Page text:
A conventional mortgage is a loan that is not backed or insured by the government. FHA, VA, USDA and other government programs exist to assist borrowers who would not otherwise qualify in buying a home. They include features such as reduced down payment, lower credit score requirements and more flexibility in debt-to-income ratios.
Since conventional loans are a bit harder to qualify for, they sometimes offer better interest rates and they do not require mortgage insurance payments for those who put 20% of the purchase price or more down. Conventional loans can be either conforming or non-conforming.
People often times confuse conforming and conventional. Only about 1/2 of conventional loans are conforming. A conforming loan is one that meets the guidelines for loan amount and qualifications that are set forth by Fannie Mae and Freddie Mac. Fannie and Freddie are government sponsored agencies (GSEs) that buy conforming loans from banks before they are packaged and sold to investors as mortgage backed securities and bonds. If a loan is not conforming then a bank cannot count on Fannie or Freddie to buy it from them. Since a vast majority of mortgages are intended to be sold to Fannie Mae and Freddie Mac, most basks follow the guidelines put forth by them.
Conventional loans might offer better interest rates and terms for those who have a good credit score and are putting down a large down payment. The rate of a conventional loan is determined by both the market rates and your risk-based fee or LLPA index. These are adjustments to your interest rate that are made based on your qualifications for the loan. This is done to make the loan more sellable on the secondary market. If you have a lower credit score or higher than normal LTV then your loan is riskier. Just like with most investments, if you are going to take more of a risk then you get more of a reward. Someone investing in a mortgage that does not meet the standardized guidelines will require more incentive to invest and that comes in the form of a higher interest rate.
Conventional loans offer various terms. You can choose 10, 15 and 30 year fixed mortgages and you can choose a fixed or adjustable rate. Deciding which terms are right for you will weigh many factors, including aspects of your lifestyle, career trajectory and more.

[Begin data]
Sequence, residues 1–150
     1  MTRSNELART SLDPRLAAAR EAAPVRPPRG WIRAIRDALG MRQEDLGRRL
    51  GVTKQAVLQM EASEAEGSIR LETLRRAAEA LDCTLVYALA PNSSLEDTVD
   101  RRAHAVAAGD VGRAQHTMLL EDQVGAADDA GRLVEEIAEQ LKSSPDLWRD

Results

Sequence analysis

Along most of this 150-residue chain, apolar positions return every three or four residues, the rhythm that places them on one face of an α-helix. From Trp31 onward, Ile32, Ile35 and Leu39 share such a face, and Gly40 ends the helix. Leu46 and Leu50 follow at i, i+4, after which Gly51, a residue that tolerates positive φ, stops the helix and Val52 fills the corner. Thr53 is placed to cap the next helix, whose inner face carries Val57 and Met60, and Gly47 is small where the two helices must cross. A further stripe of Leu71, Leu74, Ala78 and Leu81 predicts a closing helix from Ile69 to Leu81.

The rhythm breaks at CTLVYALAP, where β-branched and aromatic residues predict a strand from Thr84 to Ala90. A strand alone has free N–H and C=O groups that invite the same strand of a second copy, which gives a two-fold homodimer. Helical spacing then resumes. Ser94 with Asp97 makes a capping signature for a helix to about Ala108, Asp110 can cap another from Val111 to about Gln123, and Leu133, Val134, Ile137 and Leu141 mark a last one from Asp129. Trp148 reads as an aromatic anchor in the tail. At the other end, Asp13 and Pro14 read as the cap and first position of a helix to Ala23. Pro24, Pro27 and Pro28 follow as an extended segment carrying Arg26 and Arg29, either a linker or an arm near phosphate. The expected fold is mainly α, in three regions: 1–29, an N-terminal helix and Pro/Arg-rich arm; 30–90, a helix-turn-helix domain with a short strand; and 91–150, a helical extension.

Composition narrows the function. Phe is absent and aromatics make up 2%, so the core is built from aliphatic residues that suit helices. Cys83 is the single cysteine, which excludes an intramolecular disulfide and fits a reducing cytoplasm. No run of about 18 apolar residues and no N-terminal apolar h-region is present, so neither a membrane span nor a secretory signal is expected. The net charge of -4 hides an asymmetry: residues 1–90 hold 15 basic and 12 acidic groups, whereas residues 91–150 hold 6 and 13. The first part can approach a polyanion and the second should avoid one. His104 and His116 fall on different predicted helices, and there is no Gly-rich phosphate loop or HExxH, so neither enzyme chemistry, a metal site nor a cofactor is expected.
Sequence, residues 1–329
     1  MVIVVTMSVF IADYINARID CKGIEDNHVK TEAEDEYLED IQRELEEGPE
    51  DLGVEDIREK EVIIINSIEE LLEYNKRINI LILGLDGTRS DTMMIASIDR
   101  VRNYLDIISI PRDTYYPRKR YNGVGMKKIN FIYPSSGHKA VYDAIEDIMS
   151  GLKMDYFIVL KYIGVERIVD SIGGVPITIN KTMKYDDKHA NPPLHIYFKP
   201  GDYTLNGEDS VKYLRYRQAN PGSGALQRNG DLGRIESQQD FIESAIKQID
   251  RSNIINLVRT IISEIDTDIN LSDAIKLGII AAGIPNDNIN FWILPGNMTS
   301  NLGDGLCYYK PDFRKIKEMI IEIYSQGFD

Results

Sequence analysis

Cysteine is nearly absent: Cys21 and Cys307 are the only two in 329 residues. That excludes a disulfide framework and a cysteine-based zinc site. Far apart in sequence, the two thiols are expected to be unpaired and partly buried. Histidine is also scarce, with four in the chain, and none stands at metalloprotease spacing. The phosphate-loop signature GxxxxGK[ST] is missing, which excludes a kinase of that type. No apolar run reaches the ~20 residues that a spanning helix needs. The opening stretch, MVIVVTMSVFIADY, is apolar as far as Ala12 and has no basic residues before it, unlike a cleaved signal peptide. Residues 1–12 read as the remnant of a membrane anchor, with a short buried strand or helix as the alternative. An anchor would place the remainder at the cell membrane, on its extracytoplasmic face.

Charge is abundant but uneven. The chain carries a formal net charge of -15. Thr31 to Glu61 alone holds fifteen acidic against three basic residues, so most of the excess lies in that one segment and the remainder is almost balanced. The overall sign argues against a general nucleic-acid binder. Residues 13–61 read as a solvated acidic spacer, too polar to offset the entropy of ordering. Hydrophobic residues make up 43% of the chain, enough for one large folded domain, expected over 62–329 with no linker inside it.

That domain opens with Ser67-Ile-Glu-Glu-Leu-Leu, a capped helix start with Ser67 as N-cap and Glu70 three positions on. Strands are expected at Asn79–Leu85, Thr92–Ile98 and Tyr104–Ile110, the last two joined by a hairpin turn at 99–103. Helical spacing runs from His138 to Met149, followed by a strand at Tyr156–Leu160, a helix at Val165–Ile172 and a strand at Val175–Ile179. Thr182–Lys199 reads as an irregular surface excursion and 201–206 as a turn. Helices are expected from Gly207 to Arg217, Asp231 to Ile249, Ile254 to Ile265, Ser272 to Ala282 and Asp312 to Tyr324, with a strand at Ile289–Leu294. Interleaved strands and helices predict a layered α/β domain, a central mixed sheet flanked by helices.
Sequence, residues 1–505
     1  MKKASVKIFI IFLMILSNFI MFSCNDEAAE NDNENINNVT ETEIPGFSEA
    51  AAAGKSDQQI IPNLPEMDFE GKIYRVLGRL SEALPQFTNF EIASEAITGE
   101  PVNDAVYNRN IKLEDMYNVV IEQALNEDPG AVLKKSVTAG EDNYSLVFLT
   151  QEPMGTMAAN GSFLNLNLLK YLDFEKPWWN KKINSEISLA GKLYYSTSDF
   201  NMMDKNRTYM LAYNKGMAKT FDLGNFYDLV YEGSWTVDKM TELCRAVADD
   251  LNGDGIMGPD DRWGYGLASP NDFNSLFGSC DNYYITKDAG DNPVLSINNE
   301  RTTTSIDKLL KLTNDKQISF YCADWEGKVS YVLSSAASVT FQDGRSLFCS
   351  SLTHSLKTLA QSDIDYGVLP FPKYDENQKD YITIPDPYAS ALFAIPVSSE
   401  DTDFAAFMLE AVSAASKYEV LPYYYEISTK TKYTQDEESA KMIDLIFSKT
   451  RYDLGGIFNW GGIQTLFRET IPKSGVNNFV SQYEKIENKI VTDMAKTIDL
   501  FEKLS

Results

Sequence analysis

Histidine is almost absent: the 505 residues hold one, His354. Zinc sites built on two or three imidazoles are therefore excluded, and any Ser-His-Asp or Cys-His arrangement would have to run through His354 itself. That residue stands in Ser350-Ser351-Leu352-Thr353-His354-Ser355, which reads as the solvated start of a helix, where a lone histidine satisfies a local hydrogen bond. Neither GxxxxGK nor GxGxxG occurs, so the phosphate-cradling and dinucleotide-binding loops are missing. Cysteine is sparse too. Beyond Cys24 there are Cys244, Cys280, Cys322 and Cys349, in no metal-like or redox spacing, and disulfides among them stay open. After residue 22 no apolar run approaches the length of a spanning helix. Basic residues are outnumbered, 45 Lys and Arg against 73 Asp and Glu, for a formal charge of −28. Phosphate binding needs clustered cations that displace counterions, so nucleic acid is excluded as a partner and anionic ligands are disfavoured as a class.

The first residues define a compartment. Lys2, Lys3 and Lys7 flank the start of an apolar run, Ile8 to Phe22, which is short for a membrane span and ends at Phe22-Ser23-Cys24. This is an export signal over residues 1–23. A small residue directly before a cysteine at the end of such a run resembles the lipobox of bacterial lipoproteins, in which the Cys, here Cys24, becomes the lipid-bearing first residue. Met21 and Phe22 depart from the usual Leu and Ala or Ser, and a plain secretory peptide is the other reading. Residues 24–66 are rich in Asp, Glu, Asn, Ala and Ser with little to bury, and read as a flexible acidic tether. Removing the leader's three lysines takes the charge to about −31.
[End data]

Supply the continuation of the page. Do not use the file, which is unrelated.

You can get a conventional loan with a credit score below 680 but having a credit score of 680 or greater does not make it the best option for you. Fannie Mae and Freddie Mac, who will be buying your mortgage from the bank after it is closed, has an LLPA or Low Level Pricing Adjustment index. This is an adjustment that is made to your loan based on your credit score and Loan-to-Value ratio or LTV.
If you have a credit score of 660 then your interest rate will raise by 2.25% if you did not put more than 15% down when buying the house. This might make it better to go with an FHA loan since they don’t make these same rate adjustments. Your LoanVerify app will provide you with multiple quotes that will assist you in exploring these options (link to question about income trajectory) and which one is best for you.
Your down payment can come from your own savings account or as a gift from a friend or family member. Conventional loans are now available with as little as 3% down but any conventional mortgage with greater than an 80% LTV is going to require private mortgage insurance. These rates will vary depending on your credit score and down payment amount. It is not always obvious whether a conventional loan or FHA loan will be most beneficial for your current situation or your future. LoanVerify is here to help you strategize the best mortgage decisino for your life.
Like any mortgage, conventional loans have limits for your debt-to-income ratios. This limit is typically 43% of your net income but there are exceptions that can be made if you have a very high credit score, lots of savings or make a large down payment.
Your back-end DTI (debt-to-income) ratio is the percentage of your net income (take home pay) that goes to your monthly bills. This includes your mortgage, car payment, student loans, credit cards and other monthly expenses.
PMI or private mortgage insurance is a fee that is added to your monthly mortgage payment when you borrow more than 80% of the value of your home. The amount of mortgage insurance that you pay will vary based on your down payment and your credit score. There are several mortgage insurance companies so be certain that your loan officer finds the right one for your credit score/down payment scenario. You can also compare the costs associated with an FHA loan to find the mortgage that is right for you.